#HappyBirthdayStanLee: Five most iconic comic issues by the legend
Stan Lee was an absolute genius who almost single-handedly made Marvel a giant in the industry and created entire fantastical universes, which would be remembered forever. The man who gave every child heroes to believe in, unfortunately, passed away on November 12, 2018, at the age of 95. Today, on December 28, the birth anniversary of the legend, we present Lee's most iconic comics.
Captain America #3 came out in 1941, and while the character was created by Jack Kirby and Joe Simon, this was the first published story by Lee, a teenager then. Titled Captain America Foils the Traitor's Revenge, this is one of Lee's most iconic issues as it was the first time Stanley Lieber gave himself the pseudonym Stan Lee, and a legend was born.
Journey Into Mystery came out in 1962 and with one stroke the comic genius brought Norse mythology into comicverse. Lee and Kirby together made the character of Thor and had fun doing it. Lee's issues experimented with faux-Shakespearean dialogues, showcasing the legendary writer's talent. Thor also marked the transition where he opened the doorway to introducing an entire pantheon of celestial beings from Asgard.
Fantastic Four #52 came out in 1966 and gave the world the first mainstream black superhero. Created by Lee and Kirby, T'Challa, the king of Wakanda, would later turn into a socio-political character, exploring race under the expert hands of Christopher Priest and later Ta-Nehisi Coates. However, Lee brought a smile to every colored child's face to see themselves represented by an awesome superhero.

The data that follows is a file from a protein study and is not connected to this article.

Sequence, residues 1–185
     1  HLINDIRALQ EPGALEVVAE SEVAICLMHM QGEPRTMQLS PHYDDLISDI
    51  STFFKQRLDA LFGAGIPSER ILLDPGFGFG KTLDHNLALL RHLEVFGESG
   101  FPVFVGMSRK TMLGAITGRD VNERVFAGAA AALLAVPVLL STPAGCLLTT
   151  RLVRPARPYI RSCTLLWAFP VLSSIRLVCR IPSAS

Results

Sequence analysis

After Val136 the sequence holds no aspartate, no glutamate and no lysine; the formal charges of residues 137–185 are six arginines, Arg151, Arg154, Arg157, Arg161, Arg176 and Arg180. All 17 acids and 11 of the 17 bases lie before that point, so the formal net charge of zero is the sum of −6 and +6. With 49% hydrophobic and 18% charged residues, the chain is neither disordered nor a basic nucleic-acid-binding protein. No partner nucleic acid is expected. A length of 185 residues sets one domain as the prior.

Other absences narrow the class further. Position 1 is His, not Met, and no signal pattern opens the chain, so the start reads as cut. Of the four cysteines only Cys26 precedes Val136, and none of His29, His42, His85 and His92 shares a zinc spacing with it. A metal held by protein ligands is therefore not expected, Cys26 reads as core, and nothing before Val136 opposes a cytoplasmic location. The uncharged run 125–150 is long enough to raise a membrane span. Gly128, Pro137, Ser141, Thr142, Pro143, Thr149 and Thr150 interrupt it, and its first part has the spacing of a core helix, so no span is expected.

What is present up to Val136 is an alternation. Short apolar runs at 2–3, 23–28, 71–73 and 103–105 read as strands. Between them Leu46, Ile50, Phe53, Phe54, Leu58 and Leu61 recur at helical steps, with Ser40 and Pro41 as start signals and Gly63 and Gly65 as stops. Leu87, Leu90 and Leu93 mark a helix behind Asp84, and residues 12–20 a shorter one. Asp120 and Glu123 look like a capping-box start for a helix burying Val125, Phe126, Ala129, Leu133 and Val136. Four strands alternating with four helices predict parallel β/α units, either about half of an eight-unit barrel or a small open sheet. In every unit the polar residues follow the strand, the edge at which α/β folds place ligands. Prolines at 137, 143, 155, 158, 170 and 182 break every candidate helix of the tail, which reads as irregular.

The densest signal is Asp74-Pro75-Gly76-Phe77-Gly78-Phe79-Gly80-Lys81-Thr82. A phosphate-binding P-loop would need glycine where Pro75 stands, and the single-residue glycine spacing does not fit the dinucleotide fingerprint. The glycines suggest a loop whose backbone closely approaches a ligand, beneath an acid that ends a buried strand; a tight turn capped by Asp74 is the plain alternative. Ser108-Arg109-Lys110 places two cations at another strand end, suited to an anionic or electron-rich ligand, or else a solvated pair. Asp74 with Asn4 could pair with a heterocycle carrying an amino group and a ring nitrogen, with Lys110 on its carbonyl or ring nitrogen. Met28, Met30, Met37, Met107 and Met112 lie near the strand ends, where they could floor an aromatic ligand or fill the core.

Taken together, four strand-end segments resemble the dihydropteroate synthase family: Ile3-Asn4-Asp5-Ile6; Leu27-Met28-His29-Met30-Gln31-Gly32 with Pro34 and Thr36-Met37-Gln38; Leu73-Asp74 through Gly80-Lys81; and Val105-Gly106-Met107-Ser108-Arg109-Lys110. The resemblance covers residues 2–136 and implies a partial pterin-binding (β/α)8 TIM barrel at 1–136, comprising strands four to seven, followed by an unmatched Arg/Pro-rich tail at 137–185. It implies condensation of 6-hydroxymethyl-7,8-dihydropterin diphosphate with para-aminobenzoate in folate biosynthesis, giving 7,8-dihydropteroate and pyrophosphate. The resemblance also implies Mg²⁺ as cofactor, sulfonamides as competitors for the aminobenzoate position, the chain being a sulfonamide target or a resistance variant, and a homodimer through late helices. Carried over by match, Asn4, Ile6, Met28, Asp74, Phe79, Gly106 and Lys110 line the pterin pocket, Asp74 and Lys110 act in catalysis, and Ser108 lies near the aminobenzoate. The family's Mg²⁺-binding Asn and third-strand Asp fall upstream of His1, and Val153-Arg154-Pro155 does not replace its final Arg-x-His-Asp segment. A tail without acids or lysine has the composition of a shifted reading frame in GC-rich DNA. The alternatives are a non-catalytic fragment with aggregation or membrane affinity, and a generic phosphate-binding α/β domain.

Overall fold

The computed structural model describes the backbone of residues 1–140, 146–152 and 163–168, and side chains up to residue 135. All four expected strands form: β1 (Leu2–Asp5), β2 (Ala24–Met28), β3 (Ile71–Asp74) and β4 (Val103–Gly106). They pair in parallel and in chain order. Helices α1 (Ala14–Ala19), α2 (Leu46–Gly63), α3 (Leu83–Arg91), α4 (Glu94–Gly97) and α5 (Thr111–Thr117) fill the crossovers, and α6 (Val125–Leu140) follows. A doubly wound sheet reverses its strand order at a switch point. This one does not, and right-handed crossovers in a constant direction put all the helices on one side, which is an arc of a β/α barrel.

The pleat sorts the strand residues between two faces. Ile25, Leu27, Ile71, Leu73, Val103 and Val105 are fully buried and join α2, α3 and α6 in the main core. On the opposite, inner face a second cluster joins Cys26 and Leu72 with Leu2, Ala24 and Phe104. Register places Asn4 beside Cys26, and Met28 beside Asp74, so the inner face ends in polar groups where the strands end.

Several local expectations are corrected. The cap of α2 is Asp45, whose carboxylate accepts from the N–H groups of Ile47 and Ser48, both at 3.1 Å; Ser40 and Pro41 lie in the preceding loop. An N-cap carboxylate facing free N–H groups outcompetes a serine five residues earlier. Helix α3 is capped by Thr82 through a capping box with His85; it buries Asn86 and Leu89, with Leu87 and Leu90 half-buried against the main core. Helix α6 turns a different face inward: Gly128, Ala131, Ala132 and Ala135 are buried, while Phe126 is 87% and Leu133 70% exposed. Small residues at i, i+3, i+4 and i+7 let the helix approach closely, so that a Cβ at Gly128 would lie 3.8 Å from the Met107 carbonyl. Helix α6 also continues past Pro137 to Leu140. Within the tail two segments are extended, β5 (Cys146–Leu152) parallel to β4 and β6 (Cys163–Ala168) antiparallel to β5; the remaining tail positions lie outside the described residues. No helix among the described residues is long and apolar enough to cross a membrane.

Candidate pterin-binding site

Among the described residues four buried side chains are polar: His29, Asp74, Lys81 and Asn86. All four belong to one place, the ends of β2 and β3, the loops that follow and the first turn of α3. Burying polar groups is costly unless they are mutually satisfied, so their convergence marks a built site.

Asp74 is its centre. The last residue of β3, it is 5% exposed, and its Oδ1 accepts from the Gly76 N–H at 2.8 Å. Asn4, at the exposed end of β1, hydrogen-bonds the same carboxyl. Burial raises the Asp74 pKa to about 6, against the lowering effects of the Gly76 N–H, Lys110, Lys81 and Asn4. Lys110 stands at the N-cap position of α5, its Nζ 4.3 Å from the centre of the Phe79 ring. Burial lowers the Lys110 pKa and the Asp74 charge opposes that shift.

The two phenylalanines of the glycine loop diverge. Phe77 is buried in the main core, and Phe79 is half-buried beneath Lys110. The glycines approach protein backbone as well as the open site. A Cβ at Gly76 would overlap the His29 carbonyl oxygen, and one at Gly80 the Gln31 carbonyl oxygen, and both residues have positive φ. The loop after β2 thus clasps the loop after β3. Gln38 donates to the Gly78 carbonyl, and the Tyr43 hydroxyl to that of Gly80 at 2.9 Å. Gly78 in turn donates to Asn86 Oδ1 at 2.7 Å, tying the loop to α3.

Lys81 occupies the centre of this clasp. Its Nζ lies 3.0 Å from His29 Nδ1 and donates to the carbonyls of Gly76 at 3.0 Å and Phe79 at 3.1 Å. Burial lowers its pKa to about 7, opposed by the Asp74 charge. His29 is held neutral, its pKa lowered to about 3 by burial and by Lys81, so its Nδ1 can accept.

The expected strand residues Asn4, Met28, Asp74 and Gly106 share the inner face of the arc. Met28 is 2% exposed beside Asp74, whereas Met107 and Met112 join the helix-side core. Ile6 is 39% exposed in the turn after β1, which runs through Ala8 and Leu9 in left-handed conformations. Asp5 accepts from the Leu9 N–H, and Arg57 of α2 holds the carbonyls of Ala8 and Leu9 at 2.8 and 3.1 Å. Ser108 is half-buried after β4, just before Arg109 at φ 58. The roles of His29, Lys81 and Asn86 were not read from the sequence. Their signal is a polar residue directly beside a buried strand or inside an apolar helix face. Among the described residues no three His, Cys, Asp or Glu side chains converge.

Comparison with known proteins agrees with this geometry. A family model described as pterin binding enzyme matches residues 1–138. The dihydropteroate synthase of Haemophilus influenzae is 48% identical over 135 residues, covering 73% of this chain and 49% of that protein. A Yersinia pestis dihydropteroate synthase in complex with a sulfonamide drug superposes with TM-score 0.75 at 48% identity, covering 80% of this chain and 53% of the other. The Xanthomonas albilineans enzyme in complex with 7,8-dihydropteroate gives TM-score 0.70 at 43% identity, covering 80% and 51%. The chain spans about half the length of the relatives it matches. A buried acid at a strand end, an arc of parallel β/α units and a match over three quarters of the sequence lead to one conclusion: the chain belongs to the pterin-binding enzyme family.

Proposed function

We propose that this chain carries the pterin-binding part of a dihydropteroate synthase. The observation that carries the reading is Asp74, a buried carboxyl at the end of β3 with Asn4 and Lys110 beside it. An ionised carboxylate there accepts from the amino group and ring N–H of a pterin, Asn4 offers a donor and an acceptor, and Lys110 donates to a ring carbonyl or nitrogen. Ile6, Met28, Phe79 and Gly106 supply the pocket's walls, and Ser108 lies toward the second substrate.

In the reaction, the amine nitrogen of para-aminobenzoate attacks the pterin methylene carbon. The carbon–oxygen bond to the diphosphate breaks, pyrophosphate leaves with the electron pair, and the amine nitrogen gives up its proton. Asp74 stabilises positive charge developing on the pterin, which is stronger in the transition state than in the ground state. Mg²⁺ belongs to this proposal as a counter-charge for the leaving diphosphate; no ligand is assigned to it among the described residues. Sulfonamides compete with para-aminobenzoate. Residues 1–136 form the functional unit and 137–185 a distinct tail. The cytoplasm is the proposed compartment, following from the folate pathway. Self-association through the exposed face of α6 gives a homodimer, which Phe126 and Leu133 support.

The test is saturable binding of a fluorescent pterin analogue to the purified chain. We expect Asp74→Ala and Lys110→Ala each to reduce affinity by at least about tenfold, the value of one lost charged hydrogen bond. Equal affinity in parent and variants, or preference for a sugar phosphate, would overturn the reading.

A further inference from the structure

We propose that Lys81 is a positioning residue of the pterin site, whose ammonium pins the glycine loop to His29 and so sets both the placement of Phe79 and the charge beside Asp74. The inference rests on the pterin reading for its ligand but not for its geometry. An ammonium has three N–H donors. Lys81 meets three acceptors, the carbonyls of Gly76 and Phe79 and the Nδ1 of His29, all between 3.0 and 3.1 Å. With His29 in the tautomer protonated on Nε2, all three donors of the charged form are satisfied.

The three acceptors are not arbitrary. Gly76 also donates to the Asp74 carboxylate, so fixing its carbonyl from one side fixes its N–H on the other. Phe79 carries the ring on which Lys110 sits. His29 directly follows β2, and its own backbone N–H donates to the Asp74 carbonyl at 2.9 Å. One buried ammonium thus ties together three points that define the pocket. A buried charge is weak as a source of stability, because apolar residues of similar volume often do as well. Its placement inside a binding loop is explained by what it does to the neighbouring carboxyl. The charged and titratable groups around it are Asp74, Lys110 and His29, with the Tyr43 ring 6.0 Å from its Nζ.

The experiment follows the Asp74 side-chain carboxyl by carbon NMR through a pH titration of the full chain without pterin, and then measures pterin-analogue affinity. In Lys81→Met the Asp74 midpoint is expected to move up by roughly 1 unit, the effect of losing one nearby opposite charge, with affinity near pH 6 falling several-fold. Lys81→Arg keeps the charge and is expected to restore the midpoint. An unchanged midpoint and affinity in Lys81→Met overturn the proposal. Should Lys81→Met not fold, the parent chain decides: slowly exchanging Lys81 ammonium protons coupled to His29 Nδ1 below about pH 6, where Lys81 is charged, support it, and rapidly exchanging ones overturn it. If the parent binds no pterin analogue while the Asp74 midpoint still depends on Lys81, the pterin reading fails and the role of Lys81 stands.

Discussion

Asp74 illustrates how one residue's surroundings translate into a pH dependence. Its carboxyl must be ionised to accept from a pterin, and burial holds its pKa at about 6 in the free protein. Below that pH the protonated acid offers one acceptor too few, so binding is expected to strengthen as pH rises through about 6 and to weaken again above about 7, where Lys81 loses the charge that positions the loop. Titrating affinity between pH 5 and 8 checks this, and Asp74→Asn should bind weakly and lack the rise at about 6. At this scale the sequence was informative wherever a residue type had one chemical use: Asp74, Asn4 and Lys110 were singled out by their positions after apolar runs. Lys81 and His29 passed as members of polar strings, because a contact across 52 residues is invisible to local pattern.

Amazing Fantasy #15 came out in 1962 and codified Lee's philosophy of superheroes and humans as well- 'With great power there must also come - great responsibility!' Lee introduced Peter Parker as Spider-Man and a bunch of teenagers immediately related to the problems, which the teenage wall-crawler faced. An extremely grounded and human character, Spider-Man remains one of Lee's most iconic contributions to comics.
Fantastic Four #1 came out in 1961 and began Marvel's Silver Age of Comics. Created by Lee, this was the first time readers read a humanized version of superheroes. They realized that superheroes were relatable and had similar day to day problems like ordinary humans. Kirby and Lee made the heroes grounded and the comic series became so iconic, it ran for 100 issues.
While Fantastic Four is Lee's most iconic Marvel team and is often called the first family of Marvel, Lee's The X-Men #1 deserves honorable mention for portraying Atomic Age fear, that nuclear experiments might make kids mutants and exploring civil rights issues through these characters.